For what it's worth I've never found that any rental company properly inflates tires before shuffling a car off to the next customer and definitely not the spare.  So usually the first task at hand on a rental car bound road trip is to the gas station air compressor and then to the grocery store to find at minimum a 24-pack of water.

That's... incredibly compulsive. I drove a rental car 3800 miles in six days recently, through temperatures varying from 30 to 85 degrees and elevations ranging from sea level to north of 8000 feet. I never checked the tire pressure or did anything to the car other than put gas in it.

If it's not my car, its maintenance is not my responsibility and I'm not going to spend one red cent messing with it.

Tire pressure being a bit off spec isn't really a huge problem anyway.
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Max Rockatansky

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Re: Essential car maintenance knowledge
« Reply #30 on: May 12, 2016, 01:21:33 AM »

For what it's worth I've never found that any rental company properly inflates tires before shuffling a car off to the next customer and definitely not the spare.  So usually the first task at hand on a rental car bound road trip is to the gas station air compressor and then to the grocery store to find at minimum a 24-pack of water.

That's... incredibly compulsive. I drove a rental car 3800 miles in six days recently, through temperatures varying from 30 to 85 degrees and elevations ranging from sea level to north of 8000 feet. I never checked the tire pressure or did anything to the car other than put gas in it.

If it's not my car, its maintenance is not my responsibility and I'm not going to spend one red cent messing with it.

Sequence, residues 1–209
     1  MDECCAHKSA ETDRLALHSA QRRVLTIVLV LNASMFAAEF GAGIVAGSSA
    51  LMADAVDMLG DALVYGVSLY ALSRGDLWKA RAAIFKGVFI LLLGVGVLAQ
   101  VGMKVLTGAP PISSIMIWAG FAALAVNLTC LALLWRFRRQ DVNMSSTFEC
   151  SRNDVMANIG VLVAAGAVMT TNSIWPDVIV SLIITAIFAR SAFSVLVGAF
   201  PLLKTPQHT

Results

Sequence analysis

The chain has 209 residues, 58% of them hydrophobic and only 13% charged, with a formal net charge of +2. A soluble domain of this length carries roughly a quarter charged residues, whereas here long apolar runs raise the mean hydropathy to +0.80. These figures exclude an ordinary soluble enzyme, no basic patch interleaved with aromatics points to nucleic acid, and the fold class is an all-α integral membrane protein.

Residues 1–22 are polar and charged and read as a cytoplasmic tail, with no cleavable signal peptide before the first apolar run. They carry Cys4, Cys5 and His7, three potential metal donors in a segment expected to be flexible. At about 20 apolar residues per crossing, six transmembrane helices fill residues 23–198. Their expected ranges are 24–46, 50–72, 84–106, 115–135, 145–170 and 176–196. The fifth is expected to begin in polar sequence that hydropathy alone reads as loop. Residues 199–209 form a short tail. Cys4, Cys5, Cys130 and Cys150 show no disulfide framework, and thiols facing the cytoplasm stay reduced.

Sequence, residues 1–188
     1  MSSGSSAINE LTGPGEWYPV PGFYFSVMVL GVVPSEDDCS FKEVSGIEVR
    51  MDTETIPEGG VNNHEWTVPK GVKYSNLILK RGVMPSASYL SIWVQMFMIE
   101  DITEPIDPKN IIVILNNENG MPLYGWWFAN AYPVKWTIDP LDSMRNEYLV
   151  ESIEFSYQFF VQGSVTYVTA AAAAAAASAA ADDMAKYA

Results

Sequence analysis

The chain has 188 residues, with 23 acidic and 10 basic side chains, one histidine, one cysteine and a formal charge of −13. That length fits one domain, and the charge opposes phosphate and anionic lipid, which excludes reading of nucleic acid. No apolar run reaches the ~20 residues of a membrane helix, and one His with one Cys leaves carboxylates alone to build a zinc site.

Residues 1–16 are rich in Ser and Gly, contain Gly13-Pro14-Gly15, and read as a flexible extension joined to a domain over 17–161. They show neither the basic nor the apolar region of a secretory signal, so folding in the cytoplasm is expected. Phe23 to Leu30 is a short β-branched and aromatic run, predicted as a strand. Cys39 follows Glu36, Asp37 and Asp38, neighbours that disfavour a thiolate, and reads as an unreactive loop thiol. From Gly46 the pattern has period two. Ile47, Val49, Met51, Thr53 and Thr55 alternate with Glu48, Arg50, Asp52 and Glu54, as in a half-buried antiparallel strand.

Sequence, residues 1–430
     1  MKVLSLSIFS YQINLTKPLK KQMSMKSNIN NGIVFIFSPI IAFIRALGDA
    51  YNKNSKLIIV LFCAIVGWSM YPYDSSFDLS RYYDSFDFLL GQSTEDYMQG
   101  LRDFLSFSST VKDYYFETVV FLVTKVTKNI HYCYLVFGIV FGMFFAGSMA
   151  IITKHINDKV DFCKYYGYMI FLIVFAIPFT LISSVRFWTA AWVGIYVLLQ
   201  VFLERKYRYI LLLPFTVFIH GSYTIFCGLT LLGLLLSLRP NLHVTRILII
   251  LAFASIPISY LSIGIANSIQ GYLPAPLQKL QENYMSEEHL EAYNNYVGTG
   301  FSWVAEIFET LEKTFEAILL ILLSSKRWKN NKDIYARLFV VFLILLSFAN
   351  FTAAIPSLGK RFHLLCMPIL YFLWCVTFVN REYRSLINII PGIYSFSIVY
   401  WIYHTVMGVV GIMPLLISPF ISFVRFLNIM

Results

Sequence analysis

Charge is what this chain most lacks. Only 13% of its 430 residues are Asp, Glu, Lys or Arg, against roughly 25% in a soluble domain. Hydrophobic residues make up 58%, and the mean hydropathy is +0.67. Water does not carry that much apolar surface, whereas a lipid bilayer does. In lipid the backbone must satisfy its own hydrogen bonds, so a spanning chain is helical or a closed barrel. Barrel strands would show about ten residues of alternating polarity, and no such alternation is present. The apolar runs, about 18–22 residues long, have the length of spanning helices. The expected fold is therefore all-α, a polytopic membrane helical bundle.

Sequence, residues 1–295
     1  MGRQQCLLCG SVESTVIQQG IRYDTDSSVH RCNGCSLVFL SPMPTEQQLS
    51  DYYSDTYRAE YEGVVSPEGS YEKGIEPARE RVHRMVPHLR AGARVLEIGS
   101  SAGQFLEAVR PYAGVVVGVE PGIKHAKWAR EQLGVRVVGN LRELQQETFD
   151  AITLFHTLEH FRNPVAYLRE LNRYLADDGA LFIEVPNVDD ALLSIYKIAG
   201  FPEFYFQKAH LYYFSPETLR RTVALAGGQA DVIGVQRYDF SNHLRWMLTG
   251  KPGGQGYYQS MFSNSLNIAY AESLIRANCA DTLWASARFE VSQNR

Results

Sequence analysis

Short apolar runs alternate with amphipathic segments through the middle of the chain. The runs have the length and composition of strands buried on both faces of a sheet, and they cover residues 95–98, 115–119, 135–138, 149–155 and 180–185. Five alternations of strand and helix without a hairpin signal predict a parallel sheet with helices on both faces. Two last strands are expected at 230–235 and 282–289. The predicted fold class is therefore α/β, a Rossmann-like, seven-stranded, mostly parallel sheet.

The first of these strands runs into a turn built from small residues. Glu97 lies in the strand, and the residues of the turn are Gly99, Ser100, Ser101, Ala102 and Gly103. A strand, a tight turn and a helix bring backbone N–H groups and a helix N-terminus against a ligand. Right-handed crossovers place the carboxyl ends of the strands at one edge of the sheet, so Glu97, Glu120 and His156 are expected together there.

Tire pressure being a bit off spec isn't really a huge problem anyway.

Get stuck somewhere when you could have prevented it makes you compulsive...rather makes me that way.  Look say I was going to some heavily populated state with tons of resources and cellular coverage at my disposal, yeah I'm not going to prepare as much.  For example; I flew out to Maryland two years ago and went to New Jersey....no biggie and not much preparation went into that rental car.  But say I'm going to do something like bound over very remote mountains and possibly have to deal with going from 90F to snow I'm going to do a little bit more....like this past weekend in Oregon and in the Trinity Mountains.  At minimum the least I could have done is make sure my tires were inflated and be sure that I didn't have a slow leak...much less check my fluid levels.  I got South Dakota, North Dakota, Wyoming, Montana and Eastern Utah and Western Colorado on the docket next month....so a spot check is in order with 3,000 miles ahead in no-man's land.

Besides a rental car company will often try to make you responsible for something like getting a tire replaced during a blow out provided you don't carry proper insurance either from them or your own provider. 

J N Winkler

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Re: Essential car maintenance knowledge
« Reply #31 on: September 17, 2016, 02:03:33 PM »

I have only just now discovered this thread, so--with apologies in advance for a bump some may find disruptive--I'm going to add my two cents' worth, from both sides of the preparedness question.